Tuesday: Cloudy and breezy with periods of light snow and snow showers, except rain showers for southeastern Massachusetts. High 30-37, a little warmer across Cape Cod and possibly southeastern Massachusetts.

Tuesday night: Cloudy and breezy with additional snow showers possible. Low 21-28.

Wednesday: Cloudy with a few more snow showers possible early, some glimpses of sunshine are possible in the afternoon. High 29-36.

Thursday: Partly to mostly sunny. High 32-39.

Friday: Cloudy and breezy with showers developing, possibly starting as snow or a wintry mix north and west of Boston. High 38-45.

Saturday: Some early sun is possible otherwise mostly cloudy with a chance of snow or rain. High 33-40.

Sunday: Mostly cloudy with snow or rain possible. High 32-39.

Here Comes the Snow

We really haven’t had a decent-sized snowstorm around here since mid-December. That will change in a hurry on Monday. As a result, the Extreme Hype Watch we issued on Thursday has been upgraded to an Extreme Hype Warning.

Low pressure moving across the Ohio Valley this afternoon is just one ingredient in the mix for the upcoming storm. Image provided by the Weather Prediction Center.

High pressure remains in place across Quebec, keeping plenty of cold air in place across the Northeast this afternoon. Meanwhile, low pressure is moving across the Ohio Valley, producing a swath of snow from the Great Lakes into the Mid-Atlantic states. As that low moves eastward, it will weaken tonight, but a new area of low pressure will develop off the Mid-Atlantic coastline. At the same time, and upper-level low pressure area will also move toward the East Coast. As the new surface low gets caught underneath the upper-air low pressure area later Monday and Monday night, it will stall out or meander around south of Long Island. Eventually, it will resume an east to northeast motion on Tuesday, passing south and east of Nantucket before moving into the Gulf of Maine.

Snow is falling from Chicago to New York City late this afternoon. Loop provided by Weathertap.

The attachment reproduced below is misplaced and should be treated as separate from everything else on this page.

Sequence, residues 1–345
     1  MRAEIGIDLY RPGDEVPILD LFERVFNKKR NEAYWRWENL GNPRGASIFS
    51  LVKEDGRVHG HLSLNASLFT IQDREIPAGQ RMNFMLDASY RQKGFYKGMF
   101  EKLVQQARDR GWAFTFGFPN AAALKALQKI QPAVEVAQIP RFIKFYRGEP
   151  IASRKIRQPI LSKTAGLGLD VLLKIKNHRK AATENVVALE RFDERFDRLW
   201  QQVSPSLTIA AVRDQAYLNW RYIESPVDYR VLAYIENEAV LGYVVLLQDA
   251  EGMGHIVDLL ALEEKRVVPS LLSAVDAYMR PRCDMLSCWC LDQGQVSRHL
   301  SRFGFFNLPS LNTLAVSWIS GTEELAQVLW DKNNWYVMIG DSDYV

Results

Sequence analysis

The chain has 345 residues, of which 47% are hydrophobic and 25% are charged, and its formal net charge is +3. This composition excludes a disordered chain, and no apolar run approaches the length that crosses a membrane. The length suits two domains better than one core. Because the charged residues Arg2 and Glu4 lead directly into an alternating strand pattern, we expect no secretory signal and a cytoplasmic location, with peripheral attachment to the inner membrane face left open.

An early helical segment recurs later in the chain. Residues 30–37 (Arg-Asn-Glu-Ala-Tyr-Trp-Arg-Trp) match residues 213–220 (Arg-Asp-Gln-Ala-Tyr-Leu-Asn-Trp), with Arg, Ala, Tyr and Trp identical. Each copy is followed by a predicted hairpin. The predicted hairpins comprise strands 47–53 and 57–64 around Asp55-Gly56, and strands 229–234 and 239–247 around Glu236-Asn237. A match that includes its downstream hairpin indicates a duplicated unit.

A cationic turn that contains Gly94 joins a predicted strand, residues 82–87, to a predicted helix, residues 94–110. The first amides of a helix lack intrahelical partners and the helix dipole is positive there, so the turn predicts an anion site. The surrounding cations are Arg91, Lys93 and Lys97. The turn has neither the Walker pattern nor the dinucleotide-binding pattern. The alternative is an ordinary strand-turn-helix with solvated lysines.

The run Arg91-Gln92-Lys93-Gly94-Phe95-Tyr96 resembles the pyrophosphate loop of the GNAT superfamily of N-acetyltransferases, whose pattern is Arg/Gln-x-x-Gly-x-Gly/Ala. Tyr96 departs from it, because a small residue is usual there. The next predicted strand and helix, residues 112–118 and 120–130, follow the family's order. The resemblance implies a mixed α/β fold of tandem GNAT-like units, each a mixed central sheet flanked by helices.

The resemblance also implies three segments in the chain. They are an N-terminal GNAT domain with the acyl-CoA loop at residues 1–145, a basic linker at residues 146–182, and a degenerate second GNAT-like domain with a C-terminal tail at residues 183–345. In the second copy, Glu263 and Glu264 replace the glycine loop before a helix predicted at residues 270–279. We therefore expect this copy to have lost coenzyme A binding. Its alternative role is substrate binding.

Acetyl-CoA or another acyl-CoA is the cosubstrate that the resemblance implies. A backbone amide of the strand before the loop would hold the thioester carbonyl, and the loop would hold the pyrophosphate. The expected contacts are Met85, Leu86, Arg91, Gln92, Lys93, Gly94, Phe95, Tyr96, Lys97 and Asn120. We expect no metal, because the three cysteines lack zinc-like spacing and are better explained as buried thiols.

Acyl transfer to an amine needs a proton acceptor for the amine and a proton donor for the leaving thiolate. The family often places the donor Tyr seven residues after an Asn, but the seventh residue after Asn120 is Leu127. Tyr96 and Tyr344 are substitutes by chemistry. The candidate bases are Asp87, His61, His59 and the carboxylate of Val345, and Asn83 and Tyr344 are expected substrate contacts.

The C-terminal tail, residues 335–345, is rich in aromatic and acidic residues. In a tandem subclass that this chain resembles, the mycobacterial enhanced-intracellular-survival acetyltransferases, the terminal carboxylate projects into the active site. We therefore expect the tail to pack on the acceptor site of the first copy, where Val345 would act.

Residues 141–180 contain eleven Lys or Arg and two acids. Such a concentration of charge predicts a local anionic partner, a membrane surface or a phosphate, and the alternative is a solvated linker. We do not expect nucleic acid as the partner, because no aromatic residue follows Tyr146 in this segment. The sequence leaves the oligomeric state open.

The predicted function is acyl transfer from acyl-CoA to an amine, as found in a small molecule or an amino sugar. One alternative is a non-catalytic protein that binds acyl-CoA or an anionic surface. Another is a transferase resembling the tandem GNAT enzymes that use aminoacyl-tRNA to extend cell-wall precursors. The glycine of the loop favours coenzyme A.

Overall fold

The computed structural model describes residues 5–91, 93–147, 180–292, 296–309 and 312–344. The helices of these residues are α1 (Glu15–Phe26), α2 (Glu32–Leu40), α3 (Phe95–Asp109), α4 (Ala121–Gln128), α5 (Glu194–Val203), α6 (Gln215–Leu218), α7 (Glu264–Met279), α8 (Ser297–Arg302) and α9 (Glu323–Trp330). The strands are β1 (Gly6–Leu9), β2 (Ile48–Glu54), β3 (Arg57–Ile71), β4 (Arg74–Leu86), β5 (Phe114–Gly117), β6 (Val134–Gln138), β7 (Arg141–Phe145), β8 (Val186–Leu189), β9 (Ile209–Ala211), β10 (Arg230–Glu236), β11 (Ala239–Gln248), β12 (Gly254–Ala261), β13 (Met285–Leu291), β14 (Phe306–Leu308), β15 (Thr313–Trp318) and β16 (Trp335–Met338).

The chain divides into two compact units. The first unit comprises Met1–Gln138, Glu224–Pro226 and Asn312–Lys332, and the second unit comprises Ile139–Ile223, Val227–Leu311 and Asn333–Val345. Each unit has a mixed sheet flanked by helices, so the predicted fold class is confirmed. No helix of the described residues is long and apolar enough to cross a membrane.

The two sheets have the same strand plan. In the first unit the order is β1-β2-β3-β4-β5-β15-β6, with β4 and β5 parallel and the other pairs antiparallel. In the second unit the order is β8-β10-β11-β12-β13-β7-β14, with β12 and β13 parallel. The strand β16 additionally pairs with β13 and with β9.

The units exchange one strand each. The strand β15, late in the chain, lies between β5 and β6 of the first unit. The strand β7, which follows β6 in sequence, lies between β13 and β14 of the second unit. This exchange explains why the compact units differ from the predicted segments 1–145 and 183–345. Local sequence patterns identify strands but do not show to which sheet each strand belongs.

As we mentioned, an Extreme Hype Warning has been issued, which means you’ll see blanket coverage from the network stations around here, hourly updates even when they go to regular programming, and of course, obligatory live shots from (take your pick):

  • The side of an Interstate
  • Logan Airport
  • A local DPW salt pile
  • A beach showing the rough surf and coastal flooding
  • A Dunkin Donuts where they are talking to a plow operator
  • All of the above

You’ll also get network reports about how the snow is creating chaos in New York City, how it put Washington at a standstill, and possibly how it dumped heavy snow on the Midwest. The latter is debatable, because anything west of the Appalachians is considered “flyover country” to the media around here.

OK, we’ve explained what’s going on in the big picture, now let’s focus on some of the details for our area (Southern New Hampshire, Eastern Massachusetts, Rhode Island):

Winter Storm Warnings are in effect from Maine to Virginia.

As you can see on the radar above, snow is already moving into the Tri-State area, and will continue to make slow progress northward tonight. By morning, east to northeast winds will start to increase around here, and we’ll see some ocean-effect snow showers develop in parts of southern New Hampshire and eastern Massachusetts. These aren’t directly related to the storm, but may drop 1/4-1/2″ of snow. This is also a common occurrence before some storms around here. The snowfall from the storm will move in during the late-morning and early afternoon hours and should become moderate to heavy by late afternoon or early evening. Snow may fall at the rate of an inch or two per hour at times. This will continue overnight with precipitation starting to taper off before daybreak. For much of the region, that precipitation will fall as all snow, but a change to rain is likely along the coast and across parts of southeastern Massachusetts and southern Rhode Island. How far inland that rain-snow line penetrates will obviously have a large impact on accumulations. Right now, we don’t expect it to get past Interstate-95, and it might not even get that far.